The online political opinion magazine Slate, to its great credit, has published its fourth quadrennial presidential voting survey among staffers and contributors (you can see Reason's exercise here). Slate's results for 2012?
29 Barack Obama, 2 Mitt Romney, 2 Gary Johnson, 1 Jill Stein, 1 nobody. Or, if you prefer percentages, 83-6-6-3-3. (The two Johnson votes came from former Reasoner David Weigel, and Account Manager Ryan Trow.) Let's stack up that tally against previous years:
2008: 55 Barack Obama, 1 John McCain, 1 Bob Barr (96-2-2)
2004: 46 John Kerry, 5 George W. Bush, 1 Michael Badnarik, 1 David Cobb (87-9-2-2)
2000: 29 Al Gore, 4 George W. Bush, 2 Ralph Nader, 2 Harry Browne (78-11-5-5)
Though Obama's once-Castroesque support has now dipped down to positively sub-Kerryian levels, Slate Editor David Plotz still feels the need to defend the massive pro-Obama tilt:
I don't think Obama's Slate victory reflects a bias that has corrupted the magazine during the campaign. There are obvious reasons why Slate would lean heavily toward Obama: Slate's voters tend to skew young and all polls show younger voters favoring the Democrat. And we are journalists. To quote [former Slate editor Michael] Kinsley: "No doubt it is true that most journalists vote Democratic, just as most business executives (including most media owners) vote Republican, though neither tendency is as pronounced as their respective critics believe. This is a natural result of the sort of people who are attracted to various careers. It is not the product of any conspiracy."
Also, most of our staff and contributors live in Democratic-tilting cities in blue states on the East and West coasts.
It might be pointed out that Reason staffers, too, "skew young," "are journalists," and mostly "live in Democratic-tilting cities in blue states on the East and West coasts." So there are other contributing factors at play here.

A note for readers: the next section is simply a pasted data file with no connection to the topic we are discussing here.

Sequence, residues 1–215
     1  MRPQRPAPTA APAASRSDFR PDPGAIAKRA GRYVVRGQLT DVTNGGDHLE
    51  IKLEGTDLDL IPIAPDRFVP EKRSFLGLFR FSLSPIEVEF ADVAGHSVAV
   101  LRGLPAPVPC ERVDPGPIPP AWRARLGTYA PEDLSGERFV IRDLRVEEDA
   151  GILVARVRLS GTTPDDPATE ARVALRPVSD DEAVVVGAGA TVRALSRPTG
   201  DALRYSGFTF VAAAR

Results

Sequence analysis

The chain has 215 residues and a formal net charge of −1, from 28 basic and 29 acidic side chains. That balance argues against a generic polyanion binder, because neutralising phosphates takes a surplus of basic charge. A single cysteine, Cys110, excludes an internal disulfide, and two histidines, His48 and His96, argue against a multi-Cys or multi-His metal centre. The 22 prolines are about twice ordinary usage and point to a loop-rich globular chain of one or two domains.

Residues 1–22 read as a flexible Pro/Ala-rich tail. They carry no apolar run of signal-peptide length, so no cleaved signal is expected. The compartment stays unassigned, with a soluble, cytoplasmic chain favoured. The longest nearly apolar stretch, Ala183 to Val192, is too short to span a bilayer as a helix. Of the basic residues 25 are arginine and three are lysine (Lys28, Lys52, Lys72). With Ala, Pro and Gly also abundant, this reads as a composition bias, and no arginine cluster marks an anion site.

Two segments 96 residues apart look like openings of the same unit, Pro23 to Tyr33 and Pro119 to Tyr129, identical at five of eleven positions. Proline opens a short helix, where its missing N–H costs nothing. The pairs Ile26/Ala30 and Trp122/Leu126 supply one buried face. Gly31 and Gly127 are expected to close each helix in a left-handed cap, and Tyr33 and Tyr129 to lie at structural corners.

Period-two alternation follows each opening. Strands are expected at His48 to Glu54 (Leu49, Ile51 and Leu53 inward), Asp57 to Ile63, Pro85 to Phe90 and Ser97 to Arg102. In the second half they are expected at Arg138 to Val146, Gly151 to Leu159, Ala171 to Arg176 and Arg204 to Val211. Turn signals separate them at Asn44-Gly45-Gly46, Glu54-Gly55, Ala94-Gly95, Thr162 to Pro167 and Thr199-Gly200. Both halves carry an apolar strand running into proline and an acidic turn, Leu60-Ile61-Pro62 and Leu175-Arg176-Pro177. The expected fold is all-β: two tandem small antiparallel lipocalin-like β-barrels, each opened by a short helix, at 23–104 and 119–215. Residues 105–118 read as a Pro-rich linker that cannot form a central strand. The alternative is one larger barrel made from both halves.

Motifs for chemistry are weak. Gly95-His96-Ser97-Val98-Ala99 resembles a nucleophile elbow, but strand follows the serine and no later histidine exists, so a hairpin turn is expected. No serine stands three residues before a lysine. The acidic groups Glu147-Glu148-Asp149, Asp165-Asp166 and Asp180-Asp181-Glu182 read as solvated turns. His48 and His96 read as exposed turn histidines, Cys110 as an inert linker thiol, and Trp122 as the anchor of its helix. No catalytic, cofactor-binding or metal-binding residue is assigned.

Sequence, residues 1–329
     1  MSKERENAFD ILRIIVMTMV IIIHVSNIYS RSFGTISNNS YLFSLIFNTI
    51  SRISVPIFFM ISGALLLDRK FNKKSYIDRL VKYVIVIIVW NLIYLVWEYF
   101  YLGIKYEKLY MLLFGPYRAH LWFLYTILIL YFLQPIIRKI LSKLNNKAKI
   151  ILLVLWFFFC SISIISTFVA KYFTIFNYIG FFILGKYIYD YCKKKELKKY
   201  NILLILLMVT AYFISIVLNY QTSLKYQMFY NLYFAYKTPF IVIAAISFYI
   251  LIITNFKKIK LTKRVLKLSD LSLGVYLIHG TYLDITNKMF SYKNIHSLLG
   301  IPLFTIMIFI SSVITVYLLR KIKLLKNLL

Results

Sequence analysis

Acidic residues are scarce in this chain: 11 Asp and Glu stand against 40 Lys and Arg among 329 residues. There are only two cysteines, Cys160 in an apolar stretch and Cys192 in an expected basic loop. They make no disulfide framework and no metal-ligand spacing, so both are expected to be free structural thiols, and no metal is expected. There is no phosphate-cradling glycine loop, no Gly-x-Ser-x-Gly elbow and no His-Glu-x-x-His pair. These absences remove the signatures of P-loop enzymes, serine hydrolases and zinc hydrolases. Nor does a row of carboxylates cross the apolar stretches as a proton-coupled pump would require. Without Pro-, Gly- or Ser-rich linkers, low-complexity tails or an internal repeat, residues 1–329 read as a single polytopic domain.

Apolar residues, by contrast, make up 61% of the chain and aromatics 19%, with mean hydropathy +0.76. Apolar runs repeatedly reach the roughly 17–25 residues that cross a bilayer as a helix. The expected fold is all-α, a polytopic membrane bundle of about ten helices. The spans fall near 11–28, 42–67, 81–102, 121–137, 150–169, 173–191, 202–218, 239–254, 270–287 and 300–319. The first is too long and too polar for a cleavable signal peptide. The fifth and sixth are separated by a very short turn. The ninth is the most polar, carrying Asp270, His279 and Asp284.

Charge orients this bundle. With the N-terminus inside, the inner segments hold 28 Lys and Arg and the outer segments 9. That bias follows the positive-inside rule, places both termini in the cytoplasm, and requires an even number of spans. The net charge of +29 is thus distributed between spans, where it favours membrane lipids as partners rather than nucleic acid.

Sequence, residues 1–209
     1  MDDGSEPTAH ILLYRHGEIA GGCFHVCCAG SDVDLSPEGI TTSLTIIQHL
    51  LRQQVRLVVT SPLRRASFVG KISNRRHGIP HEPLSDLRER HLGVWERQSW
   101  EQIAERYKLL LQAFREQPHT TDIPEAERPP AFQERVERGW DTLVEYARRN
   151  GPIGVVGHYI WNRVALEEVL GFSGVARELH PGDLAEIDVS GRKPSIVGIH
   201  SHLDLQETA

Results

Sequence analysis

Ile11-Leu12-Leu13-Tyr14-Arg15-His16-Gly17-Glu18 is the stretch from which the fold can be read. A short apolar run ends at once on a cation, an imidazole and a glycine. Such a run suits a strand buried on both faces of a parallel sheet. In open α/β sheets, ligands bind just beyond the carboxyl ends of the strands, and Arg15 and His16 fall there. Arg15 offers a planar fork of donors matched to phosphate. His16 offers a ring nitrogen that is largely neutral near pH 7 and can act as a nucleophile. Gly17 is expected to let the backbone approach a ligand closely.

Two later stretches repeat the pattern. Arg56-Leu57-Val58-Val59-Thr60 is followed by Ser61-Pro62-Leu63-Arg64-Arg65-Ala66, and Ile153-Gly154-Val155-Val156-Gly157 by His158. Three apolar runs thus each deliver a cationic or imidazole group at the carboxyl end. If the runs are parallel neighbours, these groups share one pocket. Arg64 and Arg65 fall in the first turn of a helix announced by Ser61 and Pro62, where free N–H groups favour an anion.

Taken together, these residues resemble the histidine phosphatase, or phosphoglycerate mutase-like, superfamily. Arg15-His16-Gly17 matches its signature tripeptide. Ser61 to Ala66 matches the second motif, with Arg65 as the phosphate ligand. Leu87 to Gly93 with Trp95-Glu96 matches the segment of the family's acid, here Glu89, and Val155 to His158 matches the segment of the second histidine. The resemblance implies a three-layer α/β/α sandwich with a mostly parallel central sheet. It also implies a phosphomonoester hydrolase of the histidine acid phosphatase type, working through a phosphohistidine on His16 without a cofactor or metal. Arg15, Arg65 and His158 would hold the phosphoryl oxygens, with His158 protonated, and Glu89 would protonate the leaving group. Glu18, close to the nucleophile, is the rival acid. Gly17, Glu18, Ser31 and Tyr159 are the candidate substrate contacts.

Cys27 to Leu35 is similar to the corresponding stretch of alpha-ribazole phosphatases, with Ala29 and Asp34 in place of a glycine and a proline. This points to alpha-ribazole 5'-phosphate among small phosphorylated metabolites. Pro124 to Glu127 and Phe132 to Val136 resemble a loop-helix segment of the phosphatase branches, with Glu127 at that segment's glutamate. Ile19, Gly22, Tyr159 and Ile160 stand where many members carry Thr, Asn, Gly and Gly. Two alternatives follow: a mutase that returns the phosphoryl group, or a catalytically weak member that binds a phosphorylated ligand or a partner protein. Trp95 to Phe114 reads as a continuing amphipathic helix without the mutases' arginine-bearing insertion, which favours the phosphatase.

In fact, if you believe Slate contributor Tom Scocca (whose vote-disclosure is absent from this year's exercise UPDATE: Scocca says he's fixing that now), the real skew in this election is white people voting for Mitt Romney. Scocca's look-at-me-I'm-being-controversial lede:
I'm voting for Barack Obama on Election Day. This fact will appear on Slate's list of which candidates its writers are voting for, a list which will almost certainly look like the 2008 list, which is to say an almost unbroken string of "Obama." People will look at this list—Obama, Obama, Obama, Obama—and they will say, Look at the Slate writers, inside their bubble.
And they will be wrong. There is a real, airtight bubble in this election, but it's not Obama's. As a middle-aged white man, in fact, I'm breaching it. White people—white men in particular—are for Mitt Romney. White men are supporting Mitt Romney to the exclusion of logic or common sense, in defiance of normal Americans. Without this narrow, tribal appeal, Romney's candidacy would simply not be viable. Most kinds of Americans see no reason to vote for him.
This fact is obfuscated because white people control the political media.
So, Romney's 23-point advantage among Caucasians is more bubbletastic than Obama's 76-point spread among Slatesters. On second thought, I can see why Plotz was being defensive.
In any case, here we are on Election Eve, and there are now three publications I'm aware of that have applied journalism's haughty transparency standards to themselves. This fact is shameful. Show us your vote, political journalists!